Based on the aforementioned results, we propose a hypothetic model. SA is not efficiently synthesized in bak1 bkk1 in dark condition. Light-induced overexpression of SID2 and EDS5 in bak1 bkk1 causes highly accumulated SA. Positive feedback regulation on SA biosynthetic genes by high concentrations of SA further enhances the SA biosynthesis and leads to SA burst that ultimately induce cell death in bak1 bkk1. In addition, BAK1 and BKK1 regulate a signaling pathway to inhibit ETI, which is mediated by EDS1-PAD4 complex, under normal growth conditions. When BAK1 and BKK1 are both depleted, ETI is activated to initiate cell death in plants, a faster and stronger defense response (Figure 7C).

Light has been reported to cause cell death when it is excessive (Szechyńska-Hebda and Karpiński, 2013); and UV light treatment often leads to lesions in plant tissues (Nawkar et al., 2013). Nevertheless, the light-dependent cell death found in bak1 bkk1 seems to be distinct from the known light-induced cell death. The known light-induced lesion is caused by rapid ROS accumulation, a key cell death signal. In bak1 bkk1 double mutants, the cell death symptom appears prior to the accumulation of ROS, indicating ROS is not the cause of the cell death. Instead, ROS accumulation is likely an effect of cell death in bak1 bkk1. Nevertheless, since ROS also serves as a feedback signal for SA biosynthesis (Torres et al., 2006), the ROS accumulation in bak1 bkk1 may further deteriorate the cell death symptom. In addition, none of the multiple bak1-3 bkk1-1 pif mutant plants displayed altered lesion phenotype compared with bak1-3 bkk1-1 (Figures S3, S4), suggesting light-induced cell death in bak1 bkk1 is independent of PIF-mediated blue and red light signaling pathways (Castillon et al., 2007; Pedmale et al., 2016). Moreover, the effect of light on cell death initiation can be reproduced by SA treatment in bak1 bkk1 in dark (Figure 3), suggesting light acts as an indirect factor to trigger cell death in bak1 bkk1 and light signaling is not essential for this process.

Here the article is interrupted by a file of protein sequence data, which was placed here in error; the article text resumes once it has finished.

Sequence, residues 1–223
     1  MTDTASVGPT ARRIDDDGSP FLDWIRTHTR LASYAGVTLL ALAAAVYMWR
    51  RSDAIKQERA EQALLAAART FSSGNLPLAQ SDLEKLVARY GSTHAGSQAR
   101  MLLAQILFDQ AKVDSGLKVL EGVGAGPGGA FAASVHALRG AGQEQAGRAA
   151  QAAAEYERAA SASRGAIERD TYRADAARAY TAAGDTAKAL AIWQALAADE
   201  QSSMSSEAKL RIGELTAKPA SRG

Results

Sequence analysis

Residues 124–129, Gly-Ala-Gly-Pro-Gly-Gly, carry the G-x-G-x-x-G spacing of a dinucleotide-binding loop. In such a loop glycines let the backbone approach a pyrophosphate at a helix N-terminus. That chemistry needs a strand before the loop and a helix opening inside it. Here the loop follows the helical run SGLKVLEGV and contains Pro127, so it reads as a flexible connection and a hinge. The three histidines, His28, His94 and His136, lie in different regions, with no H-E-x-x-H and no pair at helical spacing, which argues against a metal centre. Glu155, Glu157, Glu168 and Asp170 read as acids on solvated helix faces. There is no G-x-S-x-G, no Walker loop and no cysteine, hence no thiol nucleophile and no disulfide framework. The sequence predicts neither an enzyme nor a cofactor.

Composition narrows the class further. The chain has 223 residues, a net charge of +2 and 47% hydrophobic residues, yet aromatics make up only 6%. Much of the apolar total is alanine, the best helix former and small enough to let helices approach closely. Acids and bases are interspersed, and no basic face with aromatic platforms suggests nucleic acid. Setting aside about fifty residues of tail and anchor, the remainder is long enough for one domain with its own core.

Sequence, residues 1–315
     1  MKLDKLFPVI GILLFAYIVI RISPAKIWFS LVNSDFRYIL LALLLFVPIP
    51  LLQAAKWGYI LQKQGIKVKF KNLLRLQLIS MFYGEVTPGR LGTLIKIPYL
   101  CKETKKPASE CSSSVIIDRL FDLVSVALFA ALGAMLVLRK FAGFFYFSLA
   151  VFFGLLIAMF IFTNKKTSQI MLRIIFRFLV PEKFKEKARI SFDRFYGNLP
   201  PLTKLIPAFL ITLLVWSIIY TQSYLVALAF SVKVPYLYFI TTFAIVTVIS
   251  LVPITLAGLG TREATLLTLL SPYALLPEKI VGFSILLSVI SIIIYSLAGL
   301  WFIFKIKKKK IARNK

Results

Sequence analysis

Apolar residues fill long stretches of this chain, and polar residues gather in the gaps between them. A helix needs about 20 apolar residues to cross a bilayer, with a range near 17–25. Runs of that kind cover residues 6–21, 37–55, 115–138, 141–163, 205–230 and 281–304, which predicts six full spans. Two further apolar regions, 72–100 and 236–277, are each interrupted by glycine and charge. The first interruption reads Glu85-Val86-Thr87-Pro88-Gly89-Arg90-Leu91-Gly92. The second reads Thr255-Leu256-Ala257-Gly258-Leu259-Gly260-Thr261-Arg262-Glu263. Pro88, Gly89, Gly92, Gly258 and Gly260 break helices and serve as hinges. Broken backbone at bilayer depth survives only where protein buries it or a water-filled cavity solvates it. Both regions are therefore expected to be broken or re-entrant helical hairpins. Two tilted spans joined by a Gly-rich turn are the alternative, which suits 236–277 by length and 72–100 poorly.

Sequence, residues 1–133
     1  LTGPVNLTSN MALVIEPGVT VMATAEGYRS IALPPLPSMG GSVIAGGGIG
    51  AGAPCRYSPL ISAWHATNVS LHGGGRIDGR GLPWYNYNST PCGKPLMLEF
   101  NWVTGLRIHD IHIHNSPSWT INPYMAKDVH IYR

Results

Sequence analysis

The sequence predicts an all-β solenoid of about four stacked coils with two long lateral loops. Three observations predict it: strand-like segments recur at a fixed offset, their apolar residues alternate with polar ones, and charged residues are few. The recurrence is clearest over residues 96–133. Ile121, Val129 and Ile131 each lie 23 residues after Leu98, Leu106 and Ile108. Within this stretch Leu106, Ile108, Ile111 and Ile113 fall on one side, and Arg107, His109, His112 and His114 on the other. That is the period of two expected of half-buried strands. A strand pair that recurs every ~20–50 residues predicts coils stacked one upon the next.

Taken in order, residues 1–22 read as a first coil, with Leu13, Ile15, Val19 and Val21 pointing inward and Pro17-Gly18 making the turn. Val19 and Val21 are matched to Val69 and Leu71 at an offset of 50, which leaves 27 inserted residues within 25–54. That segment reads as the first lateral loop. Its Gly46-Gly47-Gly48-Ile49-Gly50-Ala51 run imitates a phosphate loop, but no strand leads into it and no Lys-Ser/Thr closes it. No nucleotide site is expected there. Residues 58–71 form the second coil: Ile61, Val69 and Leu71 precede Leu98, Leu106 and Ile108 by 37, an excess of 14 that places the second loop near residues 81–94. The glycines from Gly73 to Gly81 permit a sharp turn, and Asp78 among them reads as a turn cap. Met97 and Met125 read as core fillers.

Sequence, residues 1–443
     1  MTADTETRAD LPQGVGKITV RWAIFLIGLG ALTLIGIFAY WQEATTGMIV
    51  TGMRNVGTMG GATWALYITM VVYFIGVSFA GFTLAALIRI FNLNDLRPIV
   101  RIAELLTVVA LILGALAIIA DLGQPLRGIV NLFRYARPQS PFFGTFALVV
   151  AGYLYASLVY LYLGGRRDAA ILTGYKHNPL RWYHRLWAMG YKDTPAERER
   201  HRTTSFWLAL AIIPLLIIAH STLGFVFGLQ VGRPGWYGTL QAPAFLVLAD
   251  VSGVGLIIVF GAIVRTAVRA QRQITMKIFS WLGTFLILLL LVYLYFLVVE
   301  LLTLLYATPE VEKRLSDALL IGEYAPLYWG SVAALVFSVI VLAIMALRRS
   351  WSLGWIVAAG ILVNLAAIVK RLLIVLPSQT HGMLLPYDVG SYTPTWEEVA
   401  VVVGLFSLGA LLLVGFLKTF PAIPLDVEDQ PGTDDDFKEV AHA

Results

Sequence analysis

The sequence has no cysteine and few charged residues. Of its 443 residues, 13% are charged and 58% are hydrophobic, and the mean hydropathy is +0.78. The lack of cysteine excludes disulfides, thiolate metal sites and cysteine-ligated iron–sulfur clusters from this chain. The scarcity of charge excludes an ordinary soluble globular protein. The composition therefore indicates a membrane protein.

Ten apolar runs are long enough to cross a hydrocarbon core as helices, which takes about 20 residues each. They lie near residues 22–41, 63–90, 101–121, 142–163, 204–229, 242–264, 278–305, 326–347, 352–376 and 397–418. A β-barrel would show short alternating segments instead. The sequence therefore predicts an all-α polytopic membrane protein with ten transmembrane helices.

Compared to those in Col-0, the transcripts of SID2 increased about 30–40-fold in bak1-4 bkk1-1, demonstrating SID2 expression is strongly inhibited by BAK1 and BKK1. Even though the expression of SID2 was indeed enhanced by light, the suppression of SID2 by BAK1 and BKK1 seemed to be light-independent, indicated by similar multiple increases of SID2 in dark-grown Col-0 and bak1-4 bkk1-1 upon light treatment (Figure 4A). The expression of EDS5 is suppressed by BAK1 and BKK1. Compared to those in Col-0, EDS5 transcripts increased about 2-fold in dark condition, but elevated around 12-fold 1 day after relocating to light condition in bak1-4 bkk1-1. This result suggested the expression of EDS5 is synergistically controlled by light and BAK1and BKK1 (Figure 4).

In PAL pathway of SA synthesis, four PAL genes were identified to encode enzymes facilitating production of the SA precursor in cytosol. Our results suggested the expression levels of PAL genes were also inhibited by BAK1 and BKK1. It may explicate that high total SA content was detected under dark condition in bak1-4 bkk1-1. The PAL-dependent SA biosynthesis pathway may contribute to the cell death initiation in bak1-4 bkk1-1 when grown in dark for an elongated period of time (Figures S1, S2). It is also possible that additional BAK1 and BKK1-mediated pathway that is SA-independent may contributes to the cell death signaling. Despite high concentration of total SA in bak1-4 bkk1-1 in dark, the free SA content was almost equal to that in Col-0. Thus, BAK1 and BKK1 might control an unknown SA regulation pathway conjugating SA to other components, serving as a mechanism of preventing toxicity caused by highly accumulated free SA (Dempsey et al., 2011).